About Otsuka America Pharmaceutical, Inc.
Otsuka America Pharmaceutical, Inc. (OAPI) is an innovative, fast-growing healthcare company that commercializes Otsuka-discovered and in-licensed products in the U.S., with a strong focus on neuroscience, oncology, cardio-renal, and medical devices. For more information, visit www.otsuka-us.com.

OAPI is a subsidiary of Otsuka America, Inc. (OAI), a holding company established in the U.S. in 1989. OAI is wholly owned by Otsuka Pharmaceutical Co., Ltd., a global healthcare company with the corporate philosophy: 'Otsuka-people creating new products for better health worldwide.'

Otsuka Pharmaceutical is a leading firm in the challenging area of mental health and also has products and research programs for several under-addressed diseases including tuberculosis, a significant global public health issue. These commitments illustrate more powerfully than words how Otsuka is a “big venture” company at heart, applying a youthful spirit of creativity in everything it does.

Otsuka Pharmaceutical and its affiliates employ approximately 30,000 people globally, and the company welcomes you to visit its global website at: http://www.otsuka.co.jp/en/index.php.

About Lundbeck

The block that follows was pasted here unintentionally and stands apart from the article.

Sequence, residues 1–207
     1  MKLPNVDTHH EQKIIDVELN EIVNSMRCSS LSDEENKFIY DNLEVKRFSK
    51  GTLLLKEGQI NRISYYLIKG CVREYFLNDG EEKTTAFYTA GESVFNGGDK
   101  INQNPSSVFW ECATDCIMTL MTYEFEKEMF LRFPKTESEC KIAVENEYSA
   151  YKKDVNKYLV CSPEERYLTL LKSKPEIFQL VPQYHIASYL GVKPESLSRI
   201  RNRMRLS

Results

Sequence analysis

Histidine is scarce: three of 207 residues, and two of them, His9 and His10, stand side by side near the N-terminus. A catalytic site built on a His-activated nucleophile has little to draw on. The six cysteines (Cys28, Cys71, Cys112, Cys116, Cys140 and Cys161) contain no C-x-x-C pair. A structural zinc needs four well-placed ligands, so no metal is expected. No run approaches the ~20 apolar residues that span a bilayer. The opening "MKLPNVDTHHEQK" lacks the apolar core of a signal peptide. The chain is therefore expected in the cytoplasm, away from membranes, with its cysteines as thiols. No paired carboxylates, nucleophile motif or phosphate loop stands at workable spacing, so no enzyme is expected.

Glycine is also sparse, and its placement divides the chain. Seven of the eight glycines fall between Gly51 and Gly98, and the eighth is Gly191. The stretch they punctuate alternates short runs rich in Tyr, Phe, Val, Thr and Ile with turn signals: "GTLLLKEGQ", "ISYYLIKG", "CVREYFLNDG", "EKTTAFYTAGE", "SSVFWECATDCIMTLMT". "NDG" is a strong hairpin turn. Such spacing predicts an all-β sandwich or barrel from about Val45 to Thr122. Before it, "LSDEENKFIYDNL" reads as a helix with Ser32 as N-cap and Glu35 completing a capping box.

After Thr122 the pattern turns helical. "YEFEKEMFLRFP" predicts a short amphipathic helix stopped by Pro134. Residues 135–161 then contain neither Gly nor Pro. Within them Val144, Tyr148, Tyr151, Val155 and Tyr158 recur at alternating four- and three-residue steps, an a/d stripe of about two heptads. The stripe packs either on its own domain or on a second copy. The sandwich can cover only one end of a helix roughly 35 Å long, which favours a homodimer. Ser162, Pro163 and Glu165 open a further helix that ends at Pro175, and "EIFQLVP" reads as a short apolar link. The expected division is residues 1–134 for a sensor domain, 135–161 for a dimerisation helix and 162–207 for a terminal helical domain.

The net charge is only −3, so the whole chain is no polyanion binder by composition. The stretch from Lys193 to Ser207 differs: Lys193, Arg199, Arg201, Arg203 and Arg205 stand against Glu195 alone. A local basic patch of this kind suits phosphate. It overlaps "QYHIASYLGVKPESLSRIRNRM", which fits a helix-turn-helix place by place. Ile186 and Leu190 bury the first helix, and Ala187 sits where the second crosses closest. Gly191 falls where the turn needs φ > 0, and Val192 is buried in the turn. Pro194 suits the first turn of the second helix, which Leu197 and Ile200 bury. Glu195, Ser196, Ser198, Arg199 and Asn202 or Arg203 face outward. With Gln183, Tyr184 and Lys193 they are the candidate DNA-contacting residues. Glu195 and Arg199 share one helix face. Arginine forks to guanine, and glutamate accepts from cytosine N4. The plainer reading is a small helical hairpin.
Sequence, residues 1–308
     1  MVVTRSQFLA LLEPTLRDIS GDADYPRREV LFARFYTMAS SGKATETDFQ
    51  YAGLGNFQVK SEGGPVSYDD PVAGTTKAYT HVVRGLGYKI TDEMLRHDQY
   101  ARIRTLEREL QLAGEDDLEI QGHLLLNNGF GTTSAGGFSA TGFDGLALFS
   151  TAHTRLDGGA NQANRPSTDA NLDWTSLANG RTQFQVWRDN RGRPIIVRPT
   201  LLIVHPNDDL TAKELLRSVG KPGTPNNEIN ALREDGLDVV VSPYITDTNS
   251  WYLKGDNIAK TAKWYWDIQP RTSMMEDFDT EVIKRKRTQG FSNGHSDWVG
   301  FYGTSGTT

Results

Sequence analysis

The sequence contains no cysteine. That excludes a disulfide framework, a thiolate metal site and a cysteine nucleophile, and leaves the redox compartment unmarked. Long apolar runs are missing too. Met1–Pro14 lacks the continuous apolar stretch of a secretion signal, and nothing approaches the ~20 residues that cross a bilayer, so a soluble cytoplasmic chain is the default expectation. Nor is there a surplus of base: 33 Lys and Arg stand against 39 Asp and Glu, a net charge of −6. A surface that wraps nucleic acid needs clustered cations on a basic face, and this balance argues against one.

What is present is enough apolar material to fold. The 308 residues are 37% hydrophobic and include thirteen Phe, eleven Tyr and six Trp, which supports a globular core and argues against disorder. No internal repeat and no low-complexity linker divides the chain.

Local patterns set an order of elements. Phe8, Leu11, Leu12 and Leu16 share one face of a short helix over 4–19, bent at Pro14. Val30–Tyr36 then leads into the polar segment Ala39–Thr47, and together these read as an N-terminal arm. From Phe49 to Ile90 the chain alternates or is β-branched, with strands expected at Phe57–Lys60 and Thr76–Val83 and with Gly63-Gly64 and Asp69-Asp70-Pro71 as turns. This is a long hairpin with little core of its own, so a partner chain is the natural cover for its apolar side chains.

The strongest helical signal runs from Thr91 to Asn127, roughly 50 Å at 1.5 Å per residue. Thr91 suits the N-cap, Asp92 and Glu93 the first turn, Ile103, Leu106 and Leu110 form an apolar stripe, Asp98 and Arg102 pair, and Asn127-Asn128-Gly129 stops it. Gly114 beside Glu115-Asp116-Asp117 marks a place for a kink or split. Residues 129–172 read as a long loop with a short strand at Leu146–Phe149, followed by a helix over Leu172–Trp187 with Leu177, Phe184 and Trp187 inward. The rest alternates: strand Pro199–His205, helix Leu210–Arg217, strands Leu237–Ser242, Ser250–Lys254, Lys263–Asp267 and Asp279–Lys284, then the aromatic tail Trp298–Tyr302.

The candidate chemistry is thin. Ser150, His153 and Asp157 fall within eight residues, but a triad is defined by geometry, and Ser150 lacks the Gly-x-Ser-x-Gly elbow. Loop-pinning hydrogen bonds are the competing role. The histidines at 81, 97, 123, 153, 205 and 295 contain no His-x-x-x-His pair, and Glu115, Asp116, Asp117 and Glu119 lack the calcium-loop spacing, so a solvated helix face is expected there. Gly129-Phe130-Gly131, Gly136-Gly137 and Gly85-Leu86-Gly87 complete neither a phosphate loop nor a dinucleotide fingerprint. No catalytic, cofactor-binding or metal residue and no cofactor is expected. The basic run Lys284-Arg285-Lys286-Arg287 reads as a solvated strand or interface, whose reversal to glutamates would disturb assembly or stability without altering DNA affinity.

Lundbeck is a global pharmaceutical company specialized in brain diseases. For more than 70 years, we have been at the forefront of research within neuroscience. Our key areas of focus are alcohol dependence, Alzheimer’s disease, bipolar disorder, depression/anxiety, epilepsy, Huntington’s disease, Parkinson’s disease, schizophrenia and symptomatic neurogenic orthostatic hypotension (NOH).

An estimated 700 million people worldwide are living with brain disease and far too many suffer due to inadequate treatment, discrimination, a reduced number of working days, early retirement and other unnecessary consequences. Every day, we strive for improved treatment and a better life for people living with brain disease – we call this Progress in Mind. Read more at www.lundbeck.com/global/about-us/progress-in-mind.

In 2015, Lundbeck can celebrate its 100th anniversary. During the past century, millions of people have been treated with our therapies. It is complex and challenging to develop improved treatments for brain disease, but we keep our focus: There is still so much we need to achieve in the next 100 years to ensure a better life for people living with brain disease.

Lundbeck has approximately 6,000 employees in 57 countries who are engaged in the entire value chain throughout research, development, production, marketing and sales. Our pipeline consists of several late-stage development programmes and our products are available in more 100 countries. We have research centres in China, Denmark and the United States and production facilities in China, Denmark, France and Italy. Lundbeck generated core revenue of DKK 13.5 billion in 2014 (EUR 1.8 billion; USD 2.4 billion).

Lundbeck in the U.S.
In the U.S., Lundbeck employs more than 800 people focused solely on accelerating therapies for brain diseases. With a special commitment to the lives of patients, families and caregivers, Lundbeck US actively engages in hundreds of initiatives each year that support our patient communities.

To learn more, visit us at http://www.lundbeck.com/us and connect with us on Twitter at @LundbeckUS.

 

###

 

Otsuka Media Contacts